In today's world of a global pandemic, it must have felt anxious for those people who are working in the film and TV production industries. Not only they are unable to go abroad for filming, but they are also restricted everywhere domestically. The spread of the COVID-19 has indefinitely disrupted ongoing plans that were pre-planned meticulously and are forced to find another way out. As for the post-production industry, the majority has even surrendered when it comes to transfer massive amounts of raw footage from one point to another. Fortunately, we could count on the long-standing habits derived from the animation industry and leave this annoying matter to Raysync High-Speed File Transfer Software!
A few months back, we were lucky to be offered an opportunity to try out Raysync and the more we used it, the more addicted we became, so much that we forgot to share it out. There are hundreds of products of the same nature such as Caton Cydex, File Catalyst, TransferXL, MASV, AWS, etc. but what makes Raysync stand out? There is a theory that the worst a product is, the more it would try to pretend to be invincible. Likewise, the more powerful a product is, the more understated it is. There are certainly other good products in the market such as Cydex, which is also my favourite personally, but Raysync is one of its kind that is so simple as breathing or drinking water.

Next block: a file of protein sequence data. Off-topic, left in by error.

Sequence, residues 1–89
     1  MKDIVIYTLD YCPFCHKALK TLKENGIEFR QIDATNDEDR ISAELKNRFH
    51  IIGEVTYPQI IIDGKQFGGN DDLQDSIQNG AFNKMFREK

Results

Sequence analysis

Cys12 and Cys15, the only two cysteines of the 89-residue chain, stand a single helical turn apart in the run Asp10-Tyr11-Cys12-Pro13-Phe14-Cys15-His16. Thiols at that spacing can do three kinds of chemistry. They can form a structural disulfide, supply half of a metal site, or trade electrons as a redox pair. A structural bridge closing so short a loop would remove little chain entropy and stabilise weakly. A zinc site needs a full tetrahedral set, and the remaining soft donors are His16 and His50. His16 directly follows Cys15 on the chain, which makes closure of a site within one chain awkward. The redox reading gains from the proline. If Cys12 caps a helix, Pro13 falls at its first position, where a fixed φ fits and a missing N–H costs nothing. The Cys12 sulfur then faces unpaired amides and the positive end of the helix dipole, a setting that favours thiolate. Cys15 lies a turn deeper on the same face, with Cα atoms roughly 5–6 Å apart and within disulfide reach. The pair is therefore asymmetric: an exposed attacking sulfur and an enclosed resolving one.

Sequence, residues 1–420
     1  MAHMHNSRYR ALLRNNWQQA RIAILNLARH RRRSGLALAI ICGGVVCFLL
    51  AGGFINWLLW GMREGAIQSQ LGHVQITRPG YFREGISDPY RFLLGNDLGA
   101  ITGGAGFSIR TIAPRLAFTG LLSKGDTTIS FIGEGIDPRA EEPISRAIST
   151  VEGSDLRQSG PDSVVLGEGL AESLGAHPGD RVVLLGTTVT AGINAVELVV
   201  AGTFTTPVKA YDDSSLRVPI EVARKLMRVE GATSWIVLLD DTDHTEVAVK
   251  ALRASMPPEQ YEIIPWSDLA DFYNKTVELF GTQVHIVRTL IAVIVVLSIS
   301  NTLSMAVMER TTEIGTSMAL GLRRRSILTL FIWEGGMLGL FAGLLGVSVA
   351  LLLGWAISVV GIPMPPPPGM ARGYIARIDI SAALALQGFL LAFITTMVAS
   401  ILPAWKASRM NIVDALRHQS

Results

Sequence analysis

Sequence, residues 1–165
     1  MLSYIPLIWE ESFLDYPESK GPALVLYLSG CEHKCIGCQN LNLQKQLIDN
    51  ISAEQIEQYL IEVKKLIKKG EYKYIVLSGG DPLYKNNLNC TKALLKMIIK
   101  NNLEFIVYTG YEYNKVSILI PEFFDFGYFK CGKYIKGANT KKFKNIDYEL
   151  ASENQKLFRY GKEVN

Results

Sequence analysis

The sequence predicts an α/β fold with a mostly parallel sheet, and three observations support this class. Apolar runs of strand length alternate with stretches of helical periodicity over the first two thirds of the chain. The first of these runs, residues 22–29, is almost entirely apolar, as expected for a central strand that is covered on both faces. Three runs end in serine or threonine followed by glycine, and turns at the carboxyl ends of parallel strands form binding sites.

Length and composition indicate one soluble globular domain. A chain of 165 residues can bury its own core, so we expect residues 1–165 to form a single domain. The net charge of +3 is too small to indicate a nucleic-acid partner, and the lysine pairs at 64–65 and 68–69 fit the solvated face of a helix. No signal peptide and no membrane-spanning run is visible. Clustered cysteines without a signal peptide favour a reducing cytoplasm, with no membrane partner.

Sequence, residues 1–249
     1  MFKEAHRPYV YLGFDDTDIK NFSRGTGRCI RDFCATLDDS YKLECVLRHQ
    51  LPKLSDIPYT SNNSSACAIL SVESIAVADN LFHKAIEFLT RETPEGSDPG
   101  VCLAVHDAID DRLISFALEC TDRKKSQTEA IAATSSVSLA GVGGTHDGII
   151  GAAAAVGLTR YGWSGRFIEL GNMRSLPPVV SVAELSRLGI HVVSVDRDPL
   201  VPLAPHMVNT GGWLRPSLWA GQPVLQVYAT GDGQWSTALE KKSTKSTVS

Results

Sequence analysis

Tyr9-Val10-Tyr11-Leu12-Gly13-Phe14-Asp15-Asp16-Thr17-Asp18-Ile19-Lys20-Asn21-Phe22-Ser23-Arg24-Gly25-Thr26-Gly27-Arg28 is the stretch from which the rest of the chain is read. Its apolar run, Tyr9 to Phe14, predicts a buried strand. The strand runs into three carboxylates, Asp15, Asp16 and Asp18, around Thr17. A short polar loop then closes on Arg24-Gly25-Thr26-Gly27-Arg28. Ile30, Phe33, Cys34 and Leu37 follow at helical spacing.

We mentioned deriving habits from the animation industry in the beginning. In fact, Raysync’s key team is the development team behind the well-known render farm “Fox Renderfarm”. With years of experience in the animation and special effects industry, the team has a deep understanding of the requirements for remote work, file synchronization, multi-access and permission control. It is not a surprise that the team would introduce a product of their own. The whole operating including its interface, processes and functions are quite satisfying.
At first glance, the main interface of Raysync actually looks “scarce”, too simple that makes it easy to doubt its capabilities, but this is also one of the problems that most similar products are criticized for: The more setting parameters it showed, the more dedicated support it needed, and thus further away from general users, even further from the targeted group in the film and TV production industry. Raysync's user interface was designed with an "easy-to-use" philosophy in mind that Assistants, Business Personnel, Producers, Directors, Designers, Editors, Compositors, Animators, and even Bosses would figure out how to operate the software at first glance. I have even given it to my friends who work as teachers, screenwriters and designers to try, they could easily figure out how the software works and operate it by intuition. I think Raysync's easy-to-use interface is a highlight for the common users which is very convenient.